Unfortunately, this is one of the more painful areas in using the Record Layer on a live service with a mutating schema. My main recommendation (if it’s at all possible) would be to upgrade all of the services accessing the same store so that they’re using the same version of the meta-data, as most other configurations can result in data corruption.
What’s going on here is the store writes the “version” number of the meta-data into the database, and any modification to the meta-data is supposed to bump that meta-data version. We do this because accessing a store with a stale version of the meta-data can lead to data corruption. In the case of adding an index, if service A doesn’t know about an index that service B adds, then if service A adds or deletes a record, it won’t know to update the new index, which can result in new records being missing in the index (and therefore not showing up in queries) or deleted records having entries that are still in the index (leading to “missing record” errors if the index is used during a query).
All of these data corruption events should be isolated to read-write operations. I think it’s relatively safe to do a read-only operation, though you can’t really rely on indexes in that case. If you really want to ignore the indexes, you could theoretically use a
FDBRecordStore that you create by calling
.build() instead of
.createOrOpen. This skips the check that you’re hitting, though I do want to reiterate that skipping this check can lead to data corruption, so it should only be done if you’re really sure you’re not going to modify the database. I’d also argue against setting the meta-data version to
Integer.MAX_VALUE as written, as I believe it will write that meta-data version into the database (if the transaction associated with the store is committed), which means you’ll never be able to safely update your meta-data ever again.
So, the “right” way to do this is, unfortunately, a little non-obvious. There are a couple of different ways, but none of them are super off-the-shelf. If you have the meta-data in code, one technique, for example, is to create a separate “evolved” meta-data object, and push out a version of the code with both meta-data versions. You initialize both versions in a “meta-data manager” object, and then you can set that object up to select the right version. One way that we sometimes do this by making the “meta-data manager” object also serve as the “user version checker” (which checks the stores “user” version, which the Record Layer assigns no semantic meaning to but exposes to the user in case they want to guard some of their own features on this version). Because we always run the user version checker before the meta-data version checker during store opening, the user version checker can determine whether the store has been upgraded to the new meta-data yet or if it should continue to use the old one. Once you want to upgrade the meta-data, you push a version with just the new meta-data and it upgrades individual stores, and older instances now start using the newer meta-data as well.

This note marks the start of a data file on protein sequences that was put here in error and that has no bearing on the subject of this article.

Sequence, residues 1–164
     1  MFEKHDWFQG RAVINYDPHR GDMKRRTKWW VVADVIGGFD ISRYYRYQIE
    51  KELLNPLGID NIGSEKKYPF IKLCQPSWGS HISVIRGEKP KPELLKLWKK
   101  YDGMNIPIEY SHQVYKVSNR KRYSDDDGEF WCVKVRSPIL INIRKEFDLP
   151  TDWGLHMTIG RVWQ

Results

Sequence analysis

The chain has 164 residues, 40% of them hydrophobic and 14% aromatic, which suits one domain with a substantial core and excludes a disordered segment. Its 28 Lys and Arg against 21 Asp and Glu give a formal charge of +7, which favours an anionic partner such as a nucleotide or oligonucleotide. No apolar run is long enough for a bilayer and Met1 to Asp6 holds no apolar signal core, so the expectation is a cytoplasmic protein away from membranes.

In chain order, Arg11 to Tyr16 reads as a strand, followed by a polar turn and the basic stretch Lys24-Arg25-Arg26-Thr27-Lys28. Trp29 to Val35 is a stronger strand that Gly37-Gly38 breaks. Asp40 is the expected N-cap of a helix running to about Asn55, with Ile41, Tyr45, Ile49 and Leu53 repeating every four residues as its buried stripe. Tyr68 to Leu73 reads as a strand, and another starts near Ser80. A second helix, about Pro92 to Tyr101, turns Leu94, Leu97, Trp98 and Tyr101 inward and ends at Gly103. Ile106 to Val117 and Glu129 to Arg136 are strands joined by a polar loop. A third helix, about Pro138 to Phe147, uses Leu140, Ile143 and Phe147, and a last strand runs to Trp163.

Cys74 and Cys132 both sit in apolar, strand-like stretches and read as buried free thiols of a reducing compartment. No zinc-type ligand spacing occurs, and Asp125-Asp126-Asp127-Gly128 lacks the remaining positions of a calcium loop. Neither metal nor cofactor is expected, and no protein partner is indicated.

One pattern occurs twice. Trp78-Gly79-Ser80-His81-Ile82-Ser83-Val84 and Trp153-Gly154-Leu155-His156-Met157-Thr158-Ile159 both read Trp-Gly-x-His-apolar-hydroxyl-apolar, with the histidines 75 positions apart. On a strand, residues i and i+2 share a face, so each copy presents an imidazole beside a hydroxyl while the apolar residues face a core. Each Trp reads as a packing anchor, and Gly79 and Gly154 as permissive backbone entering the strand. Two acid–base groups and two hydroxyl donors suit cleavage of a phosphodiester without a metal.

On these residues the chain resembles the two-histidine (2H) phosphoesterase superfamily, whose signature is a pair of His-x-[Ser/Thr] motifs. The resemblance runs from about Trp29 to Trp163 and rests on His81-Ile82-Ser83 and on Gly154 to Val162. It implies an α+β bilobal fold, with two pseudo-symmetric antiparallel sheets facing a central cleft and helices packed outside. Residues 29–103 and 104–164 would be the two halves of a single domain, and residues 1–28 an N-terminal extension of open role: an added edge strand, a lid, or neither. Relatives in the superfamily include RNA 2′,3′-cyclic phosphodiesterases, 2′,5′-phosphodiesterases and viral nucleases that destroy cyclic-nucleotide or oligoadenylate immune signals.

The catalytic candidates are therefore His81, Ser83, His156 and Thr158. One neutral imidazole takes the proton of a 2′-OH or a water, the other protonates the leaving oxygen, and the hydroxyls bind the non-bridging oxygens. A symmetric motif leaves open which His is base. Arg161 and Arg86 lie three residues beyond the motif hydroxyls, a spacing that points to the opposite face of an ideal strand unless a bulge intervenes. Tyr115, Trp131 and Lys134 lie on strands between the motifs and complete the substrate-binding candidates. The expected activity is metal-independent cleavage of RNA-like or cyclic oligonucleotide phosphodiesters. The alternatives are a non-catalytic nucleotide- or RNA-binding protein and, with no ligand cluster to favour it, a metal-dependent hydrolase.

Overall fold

However, that dance is pretty complicated, and so our longer-term goal has been to get it so that users don’t have to do that. The place we want to get to is a place where users can store the meta-data in the FDB cluster itself and load the meta-data from the database. While you can do that today with the
FDBMetaDataStore, it has the disadvantage that you need to reload the meta-data from the meta-data store every time you open the store. We have some plans on how we’d introduce a caching layer (with the proper invalidation mechanisms so that when the store is upgraded, the meta-data can be automatically reloaded), but we’ve been busy with other projects and so that project hasn’t been completed. See: Improve meta-data evolution and management · Issue #283 · FoundationDB/fdb-record-layer · GitHub